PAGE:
1 Annotation

First Reading

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Google will bring up many refs;
derived from
n. Petty merchandise, small wares.

578 T. N. tr. Conq. W. India 23 With great store of Haberdash, as bels, necklaces, beades of glasse, collers, points, pinnes, purses, needels, girdels, threed, knives, sissers, pinsers, hammers, hatchets, shirts, Coyfes, headkerchiefs..breeches, coates, clokes, caps, Marriners breeches. 1648 GAGE West Ind. 17 To barter with the Spaniards for their small Haberdash, or Iron, Knives, or such things which may help them in their Wars.
[Has the form of a derivative of HABERDASH n. (q.v.), or of the AFr. hapertas (quasi *hapertassier, *haberdassier);

but the actual nature of the relationship between these words is left doubtful by their relative dates, as well as by the undetermined relation in which haberdash and hapertas stand to each other.]

Formerly, a dealer in a variety of articles now dealt with by other trades, including caps, and probably hats: see quots. In the course of the 16th c. the trade seems to have been split into two, those of:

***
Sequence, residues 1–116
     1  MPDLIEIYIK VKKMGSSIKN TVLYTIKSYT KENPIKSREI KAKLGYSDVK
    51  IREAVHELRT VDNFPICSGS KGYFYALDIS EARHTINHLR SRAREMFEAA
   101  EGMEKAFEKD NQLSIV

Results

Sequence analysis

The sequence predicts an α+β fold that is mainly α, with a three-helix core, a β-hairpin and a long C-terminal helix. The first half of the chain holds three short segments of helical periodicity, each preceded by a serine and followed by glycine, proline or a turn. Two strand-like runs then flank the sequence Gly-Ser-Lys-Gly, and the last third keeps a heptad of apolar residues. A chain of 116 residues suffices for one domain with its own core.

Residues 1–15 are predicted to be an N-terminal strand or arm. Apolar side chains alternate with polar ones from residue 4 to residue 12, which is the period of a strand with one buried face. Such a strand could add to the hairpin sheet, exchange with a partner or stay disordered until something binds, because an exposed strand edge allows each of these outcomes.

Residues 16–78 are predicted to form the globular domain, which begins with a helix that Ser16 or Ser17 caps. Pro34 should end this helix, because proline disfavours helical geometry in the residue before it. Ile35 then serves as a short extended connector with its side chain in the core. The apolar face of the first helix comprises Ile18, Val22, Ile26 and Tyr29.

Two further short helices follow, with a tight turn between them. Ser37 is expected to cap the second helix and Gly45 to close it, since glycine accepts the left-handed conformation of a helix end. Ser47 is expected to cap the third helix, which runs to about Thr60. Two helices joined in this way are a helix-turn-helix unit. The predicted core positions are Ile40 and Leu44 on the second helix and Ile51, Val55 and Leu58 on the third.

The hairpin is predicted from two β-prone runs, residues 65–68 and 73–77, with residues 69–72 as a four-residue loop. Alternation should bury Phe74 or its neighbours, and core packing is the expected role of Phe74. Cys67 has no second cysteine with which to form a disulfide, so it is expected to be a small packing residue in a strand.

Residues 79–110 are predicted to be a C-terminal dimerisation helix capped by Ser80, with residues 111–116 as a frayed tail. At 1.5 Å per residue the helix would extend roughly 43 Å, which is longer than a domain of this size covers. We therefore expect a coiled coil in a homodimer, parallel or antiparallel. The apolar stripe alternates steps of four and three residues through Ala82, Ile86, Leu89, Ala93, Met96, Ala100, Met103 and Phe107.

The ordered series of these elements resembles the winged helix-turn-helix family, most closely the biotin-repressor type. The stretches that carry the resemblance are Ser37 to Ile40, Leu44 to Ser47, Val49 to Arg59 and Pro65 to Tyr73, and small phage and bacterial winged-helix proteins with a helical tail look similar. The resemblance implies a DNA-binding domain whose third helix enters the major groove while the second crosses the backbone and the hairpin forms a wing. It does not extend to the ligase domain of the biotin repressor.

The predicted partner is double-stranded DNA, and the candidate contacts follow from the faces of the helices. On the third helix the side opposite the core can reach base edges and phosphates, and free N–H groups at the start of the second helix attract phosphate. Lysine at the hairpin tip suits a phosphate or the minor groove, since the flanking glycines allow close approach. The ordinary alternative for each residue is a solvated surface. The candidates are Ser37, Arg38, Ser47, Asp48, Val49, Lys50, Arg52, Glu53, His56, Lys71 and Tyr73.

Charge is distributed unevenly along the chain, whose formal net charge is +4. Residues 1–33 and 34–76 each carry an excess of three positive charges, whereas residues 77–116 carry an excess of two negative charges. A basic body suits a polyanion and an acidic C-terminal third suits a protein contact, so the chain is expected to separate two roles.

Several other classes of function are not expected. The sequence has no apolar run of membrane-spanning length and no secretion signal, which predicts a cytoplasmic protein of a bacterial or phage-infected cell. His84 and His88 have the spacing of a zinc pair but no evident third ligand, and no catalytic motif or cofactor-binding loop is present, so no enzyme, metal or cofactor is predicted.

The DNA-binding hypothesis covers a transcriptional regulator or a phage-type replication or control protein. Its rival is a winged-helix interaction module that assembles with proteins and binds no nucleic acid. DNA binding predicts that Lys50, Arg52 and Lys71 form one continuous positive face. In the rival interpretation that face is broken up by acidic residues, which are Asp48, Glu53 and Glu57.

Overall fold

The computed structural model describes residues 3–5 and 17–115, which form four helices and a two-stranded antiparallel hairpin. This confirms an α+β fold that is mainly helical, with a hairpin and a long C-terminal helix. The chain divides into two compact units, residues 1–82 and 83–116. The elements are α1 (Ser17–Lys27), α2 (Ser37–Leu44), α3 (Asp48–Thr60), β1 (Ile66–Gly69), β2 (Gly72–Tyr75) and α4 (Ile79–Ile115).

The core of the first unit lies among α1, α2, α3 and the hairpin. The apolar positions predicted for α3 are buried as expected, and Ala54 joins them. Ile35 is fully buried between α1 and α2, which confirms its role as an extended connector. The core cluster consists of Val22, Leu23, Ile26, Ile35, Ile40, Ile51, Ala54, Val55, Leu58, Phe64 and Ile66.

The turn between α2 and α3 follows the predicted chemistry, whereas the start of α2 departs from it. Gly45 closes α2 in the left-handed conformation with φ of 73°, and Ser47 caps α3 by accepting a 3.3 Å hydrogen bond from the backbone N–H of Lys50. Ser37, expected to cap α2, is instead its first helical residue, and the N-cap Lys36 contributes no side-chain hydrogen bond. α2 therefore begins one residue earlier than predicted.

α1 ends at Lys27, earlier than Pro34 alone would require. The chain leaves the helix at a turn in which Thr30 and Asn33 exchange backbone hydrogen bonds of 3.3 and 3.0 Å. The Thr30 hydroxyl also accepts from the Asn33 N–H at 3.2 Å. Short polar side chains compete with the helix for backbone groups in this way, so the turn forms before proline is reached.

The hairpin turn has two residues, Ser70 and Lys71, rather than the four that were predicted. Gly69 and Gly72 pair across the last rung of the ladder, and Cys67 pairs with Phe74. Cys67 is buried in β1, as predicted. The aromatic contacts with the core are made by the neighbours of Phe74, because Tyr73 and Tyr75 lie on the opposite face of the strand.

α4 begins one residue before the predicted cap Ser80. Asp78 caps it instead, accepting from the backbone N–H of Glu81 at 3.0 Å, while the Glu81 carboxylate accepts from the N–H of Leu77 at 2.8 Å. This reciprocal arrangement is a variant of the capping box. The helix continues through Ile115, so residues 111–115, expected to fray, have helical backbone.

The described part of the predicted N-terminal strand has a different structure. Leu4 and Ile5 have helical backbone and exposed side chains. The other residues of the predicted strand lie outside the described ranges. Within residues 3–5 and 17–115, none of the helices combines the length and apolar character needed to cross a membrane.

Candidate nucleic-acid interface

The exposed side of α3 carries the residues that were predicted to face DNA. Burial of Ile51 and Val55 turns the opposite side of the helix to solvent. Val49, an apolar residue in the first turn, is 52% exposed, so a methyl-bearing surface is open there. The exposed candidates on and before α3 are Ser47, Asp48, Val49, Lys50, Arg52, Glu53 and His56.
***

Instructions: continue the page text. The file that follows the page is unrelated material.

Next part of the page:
a. A dealer in, or maker of, hats and caps, a hatter (obs.);

b. A dealer in small articles appertaining to dress, as thread, tape, ribbons, etc. Formerly also a drink-seller (as a dealer in ‘tape’ = spirituous liquor).
1561 STOW Eng. Chron. (Howe 1615) 869/1 The Milloners, or Haberdashers, in that place, sould mousetrappes, bird cages, shooing hornes, Lanthornes, and Jews trumpes.

c. fig. (cf. dealer, retailer, vendor).

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Chart showing the number of references in each month of the diary’s entries.


  • Jun